This week I am delighted to be having a slice of cake with author Ken Goudsward.
Ken writes codes, poetry, science fiction, games, ontographies, and music. He writes in rusty scratches. He may be found in a tree-top, a mountain fountain, a desert shoreline, or submerged in a musty pond.
What kind of stories do you write?
I write books with robots and humans learning to work together to recover from trauma, survive, and help their friends.
Can you describe your writing why?
I get ideas which won’t leave me alone.
Share with us your favourite passage from the book you enjoyed writing the most
Here’s the opening section from Symphony of Destruction, Book 1 of the Spindown Saga.
Hannah stared at a small dark spot on the grey wall. Perhaps dark was not really the right word though. It was a bit dark-ish. But certainly not dark. Not dark like the dead space through which she sailed. Not dark like the blackness eating a hole in her soul. Hardly dark at all, really.
Hannah barely noticed anymore. She barely noticed the constant whine that pummeled her eardrums. She barely noticed the glaring red emergency lighting. She barely noticed the dozens of corpses surrounding her, coated in clear spray epoxy. More accurately, it should be said that she barely noticed the clear epoxy, body-shaped shells, nearly empty now, save for what appeared to be a few handfuls of dirt, and, judging by the slight bulges of the shells, some pressurized gases whose identity she could only speculate at, having never had any inkling to study the sciences. Probably carbon dioxide though, she surmised. Wasn’t that the fate of all things? Being gradually overtaken by carbon dioxide? But what did she know?
The passage of time was one thing though that had gone far beyond barely noticing. Hannah was acutely aware that she had in fact ceased to be capable of sensing time in any way. This was natural I suppose, given that days and years had been abandoned along with earth, and given that the computer systems were mostly non-functioning and her access had been denied long long ago, and given that anyone who ever gave a shit about what time it was was also long gone. There was of course the shit itself. And the piss. These had become the most reliable markers for time. But that was a very dubious level indeed. And besides, what did it matter anymore. Time was a meaningless vestige of the past. How ironic. A past with people and lives, and planets, and suns. A past with mothers singing sweet little homemade lullabies to their young daughters. “Little babe, blessed babe, there’s nothing to fear, so sleep my dear.” But there were, she knew now, many things to fear.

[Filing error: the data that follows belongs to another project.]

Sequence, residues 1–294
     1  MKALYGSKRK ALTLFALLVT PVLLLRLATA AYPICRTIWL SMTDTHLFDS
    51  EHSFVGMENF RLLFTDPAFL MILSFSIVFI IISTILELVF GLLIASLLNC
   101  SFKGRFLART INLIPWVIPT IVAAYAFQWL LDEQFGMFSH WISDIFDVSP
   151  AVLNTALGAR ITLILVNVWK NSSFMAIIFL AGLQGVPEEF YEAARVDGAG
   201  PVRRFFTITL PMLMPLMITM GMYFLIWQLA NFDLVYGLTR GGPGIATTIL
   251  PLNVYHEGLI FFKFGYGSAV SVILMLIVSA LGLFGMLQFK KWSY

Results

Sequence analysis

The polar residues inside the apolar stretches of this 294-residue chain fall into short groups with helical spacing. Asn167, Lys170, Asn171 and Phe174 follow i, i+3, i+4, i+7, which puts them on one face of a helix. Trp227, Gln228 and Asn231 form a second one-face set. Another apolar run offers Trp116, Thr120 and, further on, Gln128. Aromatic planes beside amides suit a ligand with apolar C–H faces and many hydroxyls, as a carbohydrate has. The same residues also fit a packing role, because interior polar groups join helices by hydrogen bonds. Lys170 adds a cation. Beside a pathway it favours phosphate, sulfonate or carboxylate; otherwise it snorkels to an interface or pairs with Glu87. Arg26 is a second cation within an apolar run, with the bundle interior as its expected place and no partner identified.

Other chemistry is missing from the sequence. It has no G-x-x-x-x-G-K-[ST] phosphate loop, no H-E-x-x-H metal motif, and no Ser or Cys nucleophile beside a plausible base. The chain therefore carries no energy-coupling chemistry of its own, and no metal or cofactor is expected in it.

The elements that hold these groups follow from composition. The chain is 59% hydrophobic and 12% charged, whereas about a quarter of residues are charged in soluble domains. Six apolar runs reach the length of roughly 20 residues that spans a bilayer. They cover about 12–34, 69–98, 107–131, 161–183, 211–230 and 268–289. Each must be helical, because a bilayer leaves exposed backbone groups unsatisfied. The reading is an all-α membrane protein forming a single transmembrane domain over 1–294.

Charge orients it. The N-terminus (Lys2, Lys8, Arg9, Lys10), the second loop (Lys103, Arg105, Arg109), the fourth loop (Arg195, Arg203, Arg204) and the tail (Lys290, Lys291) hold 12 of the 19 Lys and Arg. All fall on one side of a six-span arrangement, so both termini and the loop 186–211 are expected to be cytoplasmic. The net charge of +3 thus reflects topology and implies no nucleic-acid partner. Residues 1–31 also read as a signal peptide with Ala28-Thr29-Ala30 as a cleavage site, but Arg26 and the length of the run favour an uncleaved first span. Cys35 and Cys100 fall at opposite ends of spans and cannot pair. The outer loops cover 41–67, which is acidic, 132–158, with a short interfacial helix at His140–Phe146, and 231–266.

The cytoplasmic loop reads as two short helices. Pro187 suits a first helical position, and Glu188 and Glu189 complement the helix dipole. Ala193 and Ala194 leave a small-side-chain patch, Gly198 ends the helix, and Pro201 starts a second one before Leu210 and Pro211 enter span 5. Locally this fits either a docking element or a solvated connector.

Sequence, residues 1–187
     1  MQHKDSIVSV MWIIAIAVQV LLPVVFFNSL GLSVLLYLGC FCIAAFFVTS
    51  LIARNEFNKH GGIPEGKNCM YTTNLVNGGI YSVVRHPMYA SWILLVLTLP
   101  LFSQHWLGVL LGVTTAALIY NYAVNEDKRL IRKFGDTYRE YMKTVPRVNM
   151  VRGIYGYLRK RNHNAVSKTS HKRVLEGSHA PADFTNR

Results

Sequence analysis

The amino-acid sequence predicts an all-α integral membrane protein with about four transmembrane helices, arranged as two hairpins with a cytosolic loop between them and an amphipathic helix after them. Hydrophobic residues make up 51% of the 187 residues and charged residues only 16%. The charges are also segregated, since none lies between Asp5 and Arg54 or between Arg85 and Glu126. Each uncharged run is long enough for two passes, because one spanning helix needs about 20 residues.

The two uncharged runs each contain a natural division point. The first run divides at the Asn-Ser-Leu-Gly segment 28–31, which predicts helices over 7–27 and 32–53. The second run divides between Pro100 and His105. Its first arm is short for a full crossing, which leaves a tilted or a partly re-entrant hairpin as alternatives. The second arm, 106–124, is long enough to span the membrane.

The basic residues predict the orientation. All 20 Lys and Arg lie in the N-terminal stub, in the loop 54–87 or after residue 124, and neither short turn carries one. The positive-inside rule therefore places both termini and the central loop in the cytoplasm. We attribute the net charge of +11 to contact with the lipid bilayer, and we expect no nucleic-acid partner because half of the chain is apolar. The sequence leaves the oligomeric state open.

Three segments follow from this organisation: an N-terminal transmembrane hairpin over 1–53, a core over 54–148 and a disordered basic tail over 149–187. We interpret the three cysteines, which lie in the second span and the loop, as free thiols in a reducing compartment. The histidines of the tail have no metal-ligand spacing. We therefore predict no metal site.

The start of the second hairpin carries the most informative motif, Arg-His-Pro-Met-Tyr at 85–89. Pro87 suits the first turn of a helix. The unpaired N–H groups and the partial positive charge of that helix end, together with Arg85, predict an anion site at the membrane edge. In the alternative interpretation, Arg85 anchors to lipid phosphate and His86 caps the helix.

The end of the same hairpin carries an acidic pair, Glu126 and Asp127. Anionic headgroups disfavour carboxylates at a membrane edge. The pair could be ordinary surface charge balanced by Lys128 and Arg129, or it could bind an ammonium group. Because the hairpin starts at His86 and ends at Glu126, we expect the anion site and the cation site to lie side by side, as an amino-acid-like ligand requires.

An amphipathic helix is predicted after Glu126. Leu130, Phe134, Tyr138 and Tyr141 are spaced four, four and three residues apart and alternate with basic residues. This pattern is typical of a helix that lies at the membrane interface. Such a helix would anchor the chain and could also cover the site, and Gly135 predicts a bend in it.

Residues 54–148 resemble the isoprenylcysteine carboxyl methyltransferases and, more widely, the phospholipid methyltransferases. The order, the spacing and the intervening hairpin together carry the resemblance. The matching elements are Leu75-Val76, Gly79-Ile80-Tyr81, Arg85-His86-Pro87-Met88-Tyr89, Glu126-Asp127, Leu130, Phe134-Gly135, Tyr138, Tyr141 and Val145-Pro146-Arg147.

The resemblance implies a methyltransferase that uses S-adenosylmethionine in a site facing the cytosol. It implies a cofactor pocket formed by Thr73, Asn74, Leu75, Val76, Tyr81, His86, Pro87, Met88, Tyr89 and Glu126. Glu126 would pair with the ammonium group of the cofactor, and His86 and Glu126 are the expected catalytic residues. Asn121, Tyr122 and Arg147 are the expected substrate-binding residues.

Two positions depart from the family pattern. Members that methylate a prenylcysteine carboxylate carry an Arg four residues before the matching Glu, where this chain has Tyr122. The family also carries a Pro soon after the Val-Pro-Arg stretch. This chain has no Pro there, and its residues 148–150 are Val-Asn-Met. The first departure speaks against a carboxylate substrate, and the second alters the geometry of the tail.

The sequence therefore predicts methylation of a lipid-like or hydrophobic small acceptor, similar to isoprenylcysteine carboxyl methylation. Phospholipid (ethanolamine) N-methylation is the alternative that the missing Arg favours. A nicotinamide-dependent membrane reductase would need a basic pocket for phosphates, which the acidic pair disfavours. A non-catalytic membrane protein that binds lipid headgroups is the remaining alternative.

Tell us about your latest project
I’m currently writing book 2 of my series The Spindown Saga. Essentially, the series is a long, complex time travel story, but it’s not your typical time machine scenario where you hit a button and voila, you are instantly in another time. It turns out, time travel is not easy and it requires huge investments of time and energy. The series also covers a lot of ground in terms of AI and personal growth as well as the nature of culture, civilization, information, computation, with a little bit of economics and religion thrown in for good measure.
What is your favourite cake?
I like lots of kinds of cake. Chocolate, White, Yellow, Cupcakes, whatever, it’s all good. I really like those Duncan Hines or Betty Crocker cake mixes. To me, the thing that makes or breaks it is the icing. I’m kinda picky about it, and if the icing isn’t right it ruins the cake. Also – ice-cream cake is NOT cake!
You can connect with Ken on the Dimension Fold website, Facebook and Goodreads. All his books are on Amazon.
Join me next week when I'm joined by Justin Lee Anderson.
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